The Commerce Department’s Bureau of Economic Analysis said Friday that real gross domestic product (GDP) in the U.S. grew at a 2.5 percent annual rate in the first quarter of 2013.
While the figure was significantly lower than most economists’ expectations – many predicted GDP growth above 3 percent – the surge in consumer spending and business investment was applauded by Wall Street and analysts.
Immediately following the report, pre-market trading was down on Wall Street. But through mid-morning, the Dow Jones Industrial Average was slightly positive on the day.
After expanding at just a 0.4 percent rate in the fourth quarter of 2012, the 2.5 percent growth rate last quarter was a welcome change. After initially reacting poorly to the news of missed expectations, the stock market cheered the deeper numbers, which showed consumer spending surging 3.2 percent in the quarter, the highest in two years. Business investment also added an additional one percentage point to overall output.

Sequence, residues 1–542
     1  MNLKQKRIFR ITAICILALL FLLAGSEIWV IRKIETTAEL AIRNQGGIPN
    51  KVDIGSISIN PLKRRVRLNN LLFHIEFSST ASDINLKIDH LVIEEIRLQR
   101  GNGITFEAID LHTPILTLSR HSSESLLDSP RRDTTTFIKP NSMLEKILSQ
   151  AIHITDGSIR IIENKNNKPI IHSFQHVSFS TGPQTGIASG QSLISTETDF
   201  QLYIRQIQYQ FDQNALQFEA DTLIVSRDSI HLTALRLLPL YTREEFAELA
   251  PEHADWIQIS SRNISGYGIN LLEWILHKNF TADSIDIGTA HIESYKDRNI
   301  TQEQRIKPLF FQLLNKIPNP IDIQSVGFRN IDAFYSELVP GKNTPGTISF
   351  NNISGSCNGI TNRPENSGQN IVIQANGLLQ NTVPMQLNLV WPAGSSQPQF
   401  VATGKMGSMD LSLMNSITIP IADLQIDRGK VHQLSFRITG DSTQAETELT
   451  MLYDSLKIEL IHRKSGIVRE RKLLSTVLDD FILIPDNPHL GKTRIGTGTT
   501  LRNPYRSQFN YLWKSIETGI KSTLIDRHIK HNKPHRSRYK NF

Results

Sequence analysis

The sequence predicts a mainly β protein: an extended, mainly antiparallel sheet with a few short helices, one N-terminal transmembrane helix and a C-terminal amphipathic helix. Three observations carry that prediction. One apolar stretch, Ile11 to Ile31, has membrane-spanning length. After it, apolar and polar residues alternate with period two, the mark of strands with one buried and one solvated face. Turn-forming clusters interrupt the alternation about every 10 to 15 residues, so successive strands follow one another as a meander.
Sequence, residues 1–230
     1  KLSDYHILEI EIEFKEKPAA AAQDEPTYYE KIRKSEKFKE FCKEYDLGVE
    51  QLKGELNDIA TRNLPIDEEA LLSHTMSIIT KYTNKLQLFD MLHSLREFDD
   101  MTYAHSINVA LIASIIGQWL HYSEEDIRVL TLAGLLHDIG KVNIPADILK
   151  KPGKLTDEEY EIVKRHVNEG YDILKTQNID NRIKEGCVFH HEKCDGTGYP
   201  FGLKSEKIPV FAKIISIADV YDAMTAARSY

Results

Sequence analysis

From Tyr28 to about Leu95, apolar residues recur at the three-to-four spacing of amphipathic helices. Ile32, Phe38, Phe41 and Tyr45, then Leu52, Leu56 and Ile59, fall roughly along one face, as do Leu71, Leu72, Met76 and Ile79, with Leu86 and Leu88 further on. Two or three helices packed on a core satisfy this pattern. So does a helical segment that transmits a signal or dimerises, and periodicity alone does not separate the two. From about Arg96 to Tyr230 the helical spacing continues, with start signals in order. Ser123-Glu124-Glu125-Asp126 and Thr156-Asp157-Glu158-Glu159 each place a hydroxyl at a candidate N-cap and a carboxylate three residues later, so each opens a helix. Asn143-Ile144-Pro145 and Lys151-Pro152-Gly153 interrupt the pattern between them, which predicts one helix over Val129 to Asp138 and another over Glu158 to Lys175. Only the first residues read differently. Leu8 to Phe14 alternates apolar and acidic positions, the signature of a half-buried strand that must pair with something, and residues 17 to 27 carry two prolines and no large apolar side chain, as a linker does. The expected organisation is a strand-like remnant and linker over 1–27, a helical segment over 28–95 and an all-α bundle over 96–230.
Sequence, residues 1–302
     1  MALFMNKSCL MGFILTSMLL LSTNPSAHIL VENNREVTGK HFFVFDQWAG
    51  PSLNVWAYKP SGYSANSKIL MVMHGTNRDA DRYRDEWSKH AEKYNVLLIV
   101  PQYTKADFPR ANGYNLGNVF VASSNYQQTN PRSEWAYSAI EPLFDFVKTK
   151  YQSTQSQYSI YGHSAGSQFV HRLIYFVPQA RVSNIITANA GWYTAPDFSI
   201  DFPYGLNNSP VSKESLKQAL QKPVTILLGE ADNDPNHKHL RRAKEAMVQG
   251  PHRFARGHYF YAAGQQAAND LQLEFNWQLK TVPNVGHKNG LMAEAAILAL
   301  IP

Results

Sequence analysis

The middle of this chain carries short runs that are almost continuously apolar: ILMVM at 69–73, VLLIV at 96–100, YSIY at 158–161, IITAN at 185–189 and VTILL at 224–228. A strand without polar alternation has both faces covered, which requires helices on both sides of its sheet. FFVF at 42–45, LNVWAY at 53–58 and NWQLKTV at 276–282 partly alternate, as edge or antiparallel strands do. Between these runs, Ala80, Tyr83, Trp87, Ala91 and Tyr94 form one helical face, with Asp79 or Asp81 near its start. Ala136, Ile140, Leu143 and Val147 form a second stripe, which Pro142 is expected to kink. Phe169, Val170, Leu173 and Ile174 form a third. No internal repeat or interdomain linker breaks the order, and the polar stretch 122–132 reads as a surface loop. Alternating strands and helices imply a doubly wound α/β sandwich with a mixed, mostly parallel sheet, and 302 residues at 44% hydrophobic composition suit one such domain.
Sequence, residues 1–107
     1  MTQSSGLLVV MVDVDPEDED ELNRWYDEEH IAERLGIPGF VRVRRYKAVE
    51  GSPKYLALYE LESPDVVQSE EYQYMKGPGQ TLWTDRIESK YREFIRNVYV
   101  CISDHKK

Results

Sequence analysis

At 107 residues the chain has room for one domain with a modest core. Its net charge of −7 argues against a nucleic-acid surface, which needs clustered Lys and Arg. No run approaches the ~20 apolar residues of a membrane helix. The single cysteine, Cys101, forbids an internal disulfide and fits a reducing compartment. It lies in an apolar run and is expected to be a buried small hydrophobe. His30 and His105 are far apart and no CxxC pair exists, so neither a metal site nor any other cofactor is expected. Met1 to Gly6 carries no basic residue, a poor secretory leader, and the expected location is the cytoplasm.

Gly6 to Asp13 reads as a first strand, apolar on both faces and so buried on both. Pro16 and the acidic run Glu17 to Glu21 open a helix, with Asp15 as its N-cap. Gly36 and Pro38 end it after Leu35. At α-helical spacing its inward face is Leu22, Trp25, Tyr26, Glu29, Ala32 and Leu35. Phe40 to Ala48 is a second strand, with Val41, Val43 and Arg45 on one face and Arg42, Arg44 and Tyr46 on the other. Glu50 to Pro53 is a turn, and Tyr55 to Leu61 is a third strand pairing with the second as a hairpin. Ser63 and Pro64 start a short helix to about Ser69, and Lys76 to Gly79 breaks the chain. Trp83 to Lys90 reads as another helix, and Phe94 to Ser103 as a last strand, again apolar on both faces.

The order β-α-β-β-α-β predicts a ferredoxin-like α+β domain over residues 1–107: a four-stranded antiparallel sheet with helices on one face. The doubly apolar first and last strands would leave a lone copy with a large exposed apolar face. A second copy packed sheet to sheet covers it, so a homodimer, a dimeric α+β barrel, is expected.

Government spending in the quarter was the biggest drag on the economy. With the budget sequestration in place, federal government spending dropped 8.4 percent, with defense falling 11.5 percent and non-defense spending down 2 percent.